Canadian polls show separatist vote plunging

Support for the Bloc Quebecois, the Quebec separatist party that runs for seats in the national parliament, is falling so fast that the head of the Quebec provincial government, Premier Lucien Bouchard, has been forced to step back into federal politics in an attempt to rescue it.

What had been a plodding campaign leading to a vote on 2 June has suddenly caught fire following televised leaders' debates in English and French and the release of several polls which suggest that a fundamental realignment is under way in Quebec.

The surprise beneficiary is Conservative Party Leader Jean Charest, who has laboured for the past three-and-a-half years in the House of Commons with one other Member of Parliament in his caucus, too few to be recognized as an official party.

After a commanding performance in television debates and a series of stumbles by Bloc Quebecois leader Gilles Duceppe, it appears that many who want Quebec to have a more independent status within Canada have decided that Mr Charest best represents their aspirations.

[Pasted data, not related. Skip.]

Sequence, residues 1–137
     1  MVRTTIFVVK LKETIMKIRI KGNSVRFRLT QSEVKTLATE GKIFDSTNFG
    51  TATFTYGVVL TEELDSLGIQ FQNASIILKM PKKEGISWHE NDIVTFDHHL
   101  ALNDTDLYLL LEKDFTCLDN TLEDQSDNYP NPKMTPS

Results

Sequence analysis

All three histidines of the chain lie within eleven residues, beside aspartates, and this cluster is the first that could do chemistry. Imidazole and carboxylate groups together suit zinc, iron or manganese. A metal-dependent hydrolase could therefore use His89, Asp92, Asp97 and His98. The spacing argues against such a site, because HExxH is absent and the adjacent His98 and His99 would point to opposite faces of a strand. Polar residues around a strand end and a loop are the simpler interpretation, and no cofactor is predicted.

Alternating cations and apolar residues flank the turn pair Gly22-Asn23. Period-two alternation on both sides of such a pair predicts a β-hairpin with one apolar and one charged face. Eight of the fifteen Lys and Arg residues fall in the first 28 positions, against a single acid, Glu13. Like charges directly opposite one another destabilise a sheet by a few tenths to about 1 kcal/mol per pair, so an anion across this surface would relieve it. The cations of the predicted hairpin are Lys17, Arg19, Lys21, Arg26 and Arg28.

This group, which had supported the Conservatives in the past, voted massively in the 1993 election for the Bloc Quebecois because they wanted a bargaining chip to extract a distinct status for Quebec within the federation.

Until midway through the current election campaign, it appeared the Bloc Quebecois was about to pull off a repeat of the 1993 results in Quebec, despite the lacklustre performance of Mr Duceppe. But when weekend polls showed support for the Bloc Quebecois to be in free fall, the Quebec premier decided to become involved.

As he said in his first public appearance on Monday eve- ning, he needs a strong Bloc in Ottawa to keep the federal government of Prime Minister Jean Chretien off balance.

A dramatic reversal for the Bloc would make it seem that the Quebec sovereignty movement was losing momentum and that could have implications for the next referendum on independence, which Mr Bouchard is planning to hold next year.

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